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I finally made it to Gardens by the Bay and decided to buy the entrance ticket to the two conservatories that were there; the gardens themselves are free to walk around in, but the conservatories cost money to access. The entire park is massive, with artificial ponds throughout. There was one area with massive structures built to resemble trees that had plants growing up the sides of them; for extra money, one could access the SkyWay: an elevated walkway around these structures (I opted to skip it).

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I first visited the Cloud Forest conservatory and was immediately grateful for the cool temperature that the dome was kept at – much needed relief from the heat outdoors. The centerpiece of the conservatory is a massive, man-made waterfall. The conservatory is filled with various plants, seeking to emulate a mountain climate.

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The pathway winds around the dome and eventually leads to the top of the ‘mountain’ and the source of the waterfall. From there, a suspended walkway extends over the conservatory, providing some amazing views of the various plants.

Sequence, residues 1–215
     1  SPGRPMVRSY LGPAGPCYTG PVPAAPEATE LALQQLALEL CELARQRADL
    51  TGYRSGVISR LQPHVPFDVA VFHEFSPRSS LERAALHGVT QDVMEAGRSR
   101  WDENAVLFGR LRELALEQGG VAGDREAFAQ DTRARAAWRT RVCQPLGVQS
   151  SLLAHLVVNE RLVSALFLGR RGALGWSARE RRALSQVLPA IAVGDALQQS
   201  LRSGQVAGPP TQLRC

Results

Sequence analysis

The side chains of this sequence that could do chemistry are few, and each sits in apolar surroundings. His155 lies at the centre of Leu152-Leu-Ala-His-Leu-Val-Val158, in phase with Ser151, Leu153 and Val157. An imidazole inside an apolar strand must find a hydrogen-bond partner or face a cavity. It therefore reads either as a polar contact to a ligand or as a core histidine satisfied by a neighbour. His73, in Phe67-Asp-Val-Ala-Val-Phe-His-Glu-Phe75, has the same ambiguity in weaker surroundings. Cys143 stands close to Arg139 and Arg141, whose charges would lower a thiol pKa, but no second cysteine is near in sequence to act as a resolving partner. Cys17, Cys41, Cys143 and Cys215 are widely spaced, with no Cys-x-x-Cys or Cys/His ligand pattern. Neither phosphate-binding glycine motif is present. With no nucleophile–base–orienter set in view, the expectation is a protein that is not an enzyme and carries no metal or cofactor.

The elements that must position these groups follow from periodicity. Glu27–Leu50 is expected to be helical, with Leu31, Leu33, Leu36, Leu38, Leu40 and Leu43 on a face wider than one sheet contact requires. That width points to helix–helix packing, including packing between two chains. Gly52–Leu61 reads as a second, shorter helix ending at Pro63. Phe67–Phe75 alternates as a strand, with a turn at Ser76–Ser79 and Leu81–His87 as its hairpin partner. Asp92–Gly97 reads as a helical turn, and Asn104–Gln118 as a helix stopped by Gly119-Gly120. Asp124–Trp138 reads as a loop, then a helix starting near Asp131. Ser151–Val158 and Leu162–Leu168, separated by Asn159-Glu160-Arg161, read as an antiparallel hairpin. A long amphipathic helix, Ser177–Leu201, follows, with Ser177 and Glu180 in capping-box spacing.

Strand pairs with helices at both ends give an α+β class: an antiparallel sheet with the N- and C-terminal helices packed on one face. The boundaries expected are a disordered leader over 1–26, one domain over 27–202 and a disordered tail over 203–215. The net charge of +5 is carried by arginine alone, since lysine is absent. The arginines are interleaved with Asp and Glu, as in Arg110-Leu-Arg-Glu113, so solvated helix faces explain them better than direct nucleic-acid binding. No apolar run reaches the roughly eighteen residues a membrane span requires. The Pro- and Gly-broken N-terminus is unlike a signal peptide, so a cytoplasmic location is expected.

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The second conservatory, the Flower Dome, was, as its name suggests, filled with various types of flowers. There were different sections for different areas of the planet, each housing plants and flowers native to those areas (ie. Australia, South America, etc). There were some very interesting sculptures dotted here and there in the Dome.

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The central area of the Dome was dominated by large flower gardens. The colors of the various flowers were incredibly vibrant and stunning. While I enjoyed the Flower Dome, it didn’t have as striking an appeal or interest for me as did the Cloud Forest.